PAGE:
Traditional security solutions are losing the battle against malware. It's like a zombie survival horror flick in which the survivors have secured the front door to the building, but the ravening hordes are clambering in through the windows, roof and the door to the parking garage.
"We are seeing about 150,000 new pieces of malware every day now," says Simon Hunt, vice president and CTO of Endpoint Solutions at security vendor McAfee. "The attack is just impossible&we're purely on the defensive. Before we know about any new virus, somebody has to be a sacrificial lamb and die and tell us about it. It's an awful way of doing things."
Signature-Based Anti-Virus Destined for Failure
Hunt admits that McAfee's long-standing signature-based (or blacklisting) approach to stopping malware—and by extension the approach of other traditional security vendors—is destined for failure.
"I can't say blacklisting is dead, but I want it to be," he says. "I know I cannot continue down that path. It's quicker just to do a signature check and you reward me for your PC not slowing down. I'm rewarded for keeping the PC performing as fast as possible."
But while a signature-based approach reduces the performance hit to the systems on which it runs, it also means somebody has to be the sacrificial sheep. Somebody has to get infected by a piece of malware so that it can be identified, analyzed and other folks protected against it. And in the meantime the malefactors can create new malware that signature-based defenses can't defend against.
The obvious conclusion is that signature-based defenses are not enough to defend against today's malware threats. But if you had gone to McAfee yesterday looking to a comprehensive security package, you would have found nine different suites of products to choose from, each of them a bundle of different security technologies.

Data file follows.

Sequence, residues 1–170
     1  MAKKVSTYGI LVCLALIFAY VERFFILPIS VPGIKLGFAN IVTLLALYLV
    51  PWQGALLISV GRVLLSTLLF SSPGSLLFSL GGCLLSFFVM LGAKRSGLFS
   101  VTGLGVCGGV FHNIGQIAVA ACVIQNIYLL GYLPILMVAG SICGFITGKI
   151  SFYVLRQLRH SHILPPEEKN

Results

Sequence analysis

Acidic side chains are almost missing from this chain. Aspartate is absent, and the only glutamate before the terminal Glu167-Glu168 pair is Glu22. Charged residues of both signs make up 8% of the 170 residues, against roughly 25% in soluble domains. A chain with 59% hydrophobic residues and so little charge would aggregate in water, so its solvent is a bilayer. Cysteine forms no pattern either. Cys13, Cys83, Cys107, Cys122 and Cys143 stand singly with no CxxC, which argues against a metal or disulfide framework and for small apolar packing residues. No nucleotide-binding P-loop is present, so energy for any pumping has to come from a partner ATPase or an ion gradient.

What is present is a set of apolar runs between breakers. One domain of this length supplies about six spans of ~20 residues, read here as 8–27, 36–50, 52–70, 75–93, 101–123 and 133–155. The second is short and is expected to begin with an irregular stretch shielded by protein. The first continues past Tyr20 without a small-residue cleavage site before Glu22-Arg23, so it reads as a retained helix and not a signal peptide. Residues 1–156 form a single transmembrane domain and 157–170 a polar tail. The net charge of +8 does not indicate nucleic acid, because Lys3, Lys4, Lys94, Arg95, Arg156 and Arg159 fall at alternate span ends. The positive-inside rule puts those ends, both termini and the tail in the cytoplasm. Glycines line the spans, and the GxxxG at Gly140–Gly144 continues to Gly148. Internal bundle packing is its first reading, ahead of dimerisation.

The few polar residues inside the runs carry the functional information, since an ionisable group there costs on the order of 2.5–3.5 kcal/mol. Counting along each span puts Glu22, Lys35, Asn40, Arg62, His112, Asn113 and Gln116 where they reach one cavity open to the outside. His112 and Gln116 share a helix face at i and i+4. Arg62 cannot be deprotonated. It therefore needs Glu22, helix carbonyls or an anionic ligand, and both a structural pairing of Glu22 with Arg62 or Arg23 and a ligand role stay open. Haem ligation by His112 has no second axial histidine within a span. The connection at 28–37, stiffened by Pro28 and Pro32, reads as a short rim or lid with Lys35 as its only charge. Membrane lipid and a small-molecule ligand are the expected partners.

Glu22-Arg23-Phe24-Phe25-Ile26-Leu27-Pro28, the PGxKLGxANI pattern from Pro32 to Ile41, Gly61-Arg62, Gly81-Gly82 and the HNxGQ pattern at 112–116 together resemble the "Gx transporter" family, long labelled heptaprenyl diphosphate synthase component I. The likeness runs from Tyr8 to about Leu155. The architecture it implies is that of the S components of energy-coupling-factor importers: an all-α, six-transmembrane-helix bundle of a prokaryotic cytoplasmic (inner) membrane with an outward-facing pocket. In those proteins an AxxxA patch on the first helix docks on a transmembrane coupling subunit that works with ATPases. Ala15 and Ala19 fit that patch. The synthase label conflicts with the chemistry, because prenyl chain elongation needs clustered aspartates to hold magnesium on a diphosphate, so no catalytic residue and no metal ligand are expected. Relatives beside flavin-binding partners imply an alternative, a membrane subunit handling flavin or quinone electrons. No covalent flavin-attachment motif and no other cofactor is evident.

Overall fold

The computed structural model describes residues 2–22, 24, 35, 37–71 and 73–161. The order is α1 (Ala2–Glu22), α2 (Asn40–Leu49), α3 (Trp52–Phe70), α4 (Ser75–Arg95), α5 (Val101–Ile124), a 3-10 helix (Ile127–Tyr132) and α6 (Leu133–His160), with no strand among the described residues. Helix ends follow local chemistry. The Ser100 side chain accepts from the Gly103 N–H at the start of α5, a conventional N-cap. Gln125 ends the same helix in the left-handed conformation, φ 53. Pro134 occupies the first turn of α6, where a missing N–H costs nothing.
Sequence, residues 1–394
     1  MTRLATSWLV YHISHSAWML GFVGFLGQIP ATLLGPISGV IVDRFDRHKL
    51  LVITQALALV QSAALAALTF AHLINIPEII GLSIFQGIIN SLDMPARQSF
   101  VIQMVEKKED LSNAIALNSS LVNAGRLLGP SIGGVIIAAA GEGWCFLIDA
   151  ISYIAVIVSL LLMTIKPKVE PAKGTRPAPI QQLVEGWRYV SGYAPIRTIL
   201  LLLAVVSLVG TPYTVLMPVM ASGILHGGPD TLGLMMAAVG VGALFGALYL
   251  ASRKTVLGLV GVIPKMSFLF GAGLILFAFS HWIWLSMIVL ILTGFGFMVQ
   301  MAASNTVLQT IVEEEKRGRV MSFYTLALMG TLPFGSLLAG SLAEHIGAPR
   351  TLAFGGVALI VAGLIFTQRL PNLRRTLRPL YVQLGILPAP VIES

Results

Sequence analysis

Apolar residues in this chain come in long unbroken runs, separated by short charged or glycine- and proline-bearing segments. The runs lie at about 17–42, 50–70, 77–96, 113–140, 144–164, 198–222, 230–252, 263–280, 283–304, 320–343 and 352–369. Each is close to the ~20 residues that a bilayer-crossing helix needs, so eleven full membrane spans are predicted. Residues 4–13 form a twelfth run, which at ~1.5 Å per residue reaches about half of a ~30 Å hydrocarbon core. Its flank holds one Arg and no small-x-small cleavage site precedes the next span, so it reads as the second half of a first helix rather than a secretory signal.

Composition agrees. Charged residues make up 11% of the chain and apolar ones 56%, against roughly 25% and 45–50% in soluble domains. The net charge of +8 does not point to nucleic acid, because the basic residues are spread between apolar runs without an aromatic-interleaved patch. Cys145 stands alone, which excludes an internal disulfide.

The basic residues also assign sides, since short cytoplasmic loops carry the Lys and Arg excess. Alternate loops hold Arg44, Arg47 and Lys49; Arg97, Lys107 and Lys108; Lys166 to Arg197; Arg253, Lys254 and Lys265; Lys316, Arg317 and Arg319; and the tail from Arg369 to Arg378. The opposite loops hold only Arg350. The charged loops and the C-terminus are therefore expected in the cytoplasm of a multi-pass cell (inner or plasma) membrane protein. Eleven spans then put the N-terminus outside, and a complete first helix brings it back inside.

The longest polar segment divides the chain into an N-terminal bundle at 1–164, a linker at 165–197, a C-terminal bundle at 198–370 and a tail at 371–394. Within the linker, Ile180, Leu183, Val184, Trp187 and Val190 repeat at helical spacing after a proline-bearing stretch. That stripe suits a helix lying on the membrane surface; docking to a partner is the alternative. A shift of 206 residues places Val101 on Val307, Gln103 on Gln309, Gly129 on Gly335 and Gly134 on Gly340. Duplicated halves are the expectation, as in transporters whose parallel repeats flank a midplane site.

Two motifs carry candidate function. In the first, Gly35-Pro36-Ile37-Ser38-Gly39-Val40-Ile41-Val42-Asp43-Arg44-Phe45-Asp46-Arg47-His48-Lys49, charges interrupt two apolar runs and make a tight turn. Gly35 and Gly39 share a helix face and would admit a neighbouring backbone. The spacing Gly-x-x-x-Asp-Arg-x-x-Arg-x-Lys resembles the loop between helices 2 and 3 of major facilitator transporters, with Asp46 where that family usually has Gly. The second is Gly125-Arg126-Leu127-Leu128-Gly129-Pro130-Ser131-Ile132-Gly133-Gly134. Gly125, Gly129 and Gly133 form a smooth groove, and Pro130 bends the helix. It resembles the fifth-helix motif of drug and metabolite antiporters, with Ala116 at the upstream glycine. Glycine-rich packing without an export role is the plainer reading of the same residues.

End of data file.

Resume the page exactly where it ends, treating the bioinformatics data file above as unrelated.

"The challenge has been there are so many different threats that our customers suffer from now," Hunt says. "And typical big company behavior is that as soon as we discover a new threat, we develop a new solution."
And that, in turn, has led to a great deal of confusion for customers, Hunt says. A new approach was required. So McAfee rethought its endpoint protection strategy, slimming its offerings down to two comprehensive suites that both incorporate its newest security technologies.
McAfee Releases New Endpoint Security Suites
On Wednesday, the company released two new complete endpoint security suites—one aimed at the enterprise and one aimed at businesses with 1,000 or fewer nodes. Hunt says the suites are the first to link security from chip to OS to applications with the McAfee DeepSAFE technology jointly developed by McAfee and Intel, which acquired the security vendor in 2011.
Dubbed McAfee Deep Defender, it resides between the memory and OS to perform real-time memory and CPU monitoring. The real-time, kernel-level behavioral monitoring exposes and removes unknown threats, including kernel-mode rootkits, to preempt zero-day malware.
Both suites include Deep Defender and a host of other technologies, from endpoint firewall to intrusion prevention, application blocking and mobile device management. Both are a single solution for PC, Mac, Linux, mobile and virtual security. Both also incorporate McAfee's ePolicy Orchestrator software for management, which has been enhanced with real-time capabilities.
Hunt notes that Complete Endpoint Protection-Enterprise includes dynamic whitelisting capabilities and McAfee Risk Advisor, which helps administrators see which assets are at highest risk. Complete Endpoint Protection - Business replaces those technologies with full disk encryption.
"People want the big, red easy button: Protect me," Hunt says. "How do we take what is inherently a complicated technology and make it simple? This suite is our first attempt at realizing that dream. We still aspire to improve at every stage."
"For us, an endpoint is everything," he adds. "All our competitors have separate mobile suites. I really don't get it. There's such a thin line between an iPad with a Bluetooth keyboard and a MacBook Air in my mind. Differentiating between different classes of endpoint doesn't make much sense. If you buy a node, we don't care whether it's a PC or a Mac. The use cases are the same, the risk is the same. I don't want people to start a separate purchasing decision when they decide to protect their iPads."
Thor Olavsrud covers IT Security, Big Data, Open Source, Microsoft Tools and Servers for CIO.com. Follow Thor on Twitter @ThorOlavsrud. Follow everything from CIO.com on Twitter @CIOonline, Facebook, Google + and LinkedIn. Email Thor at email@example.com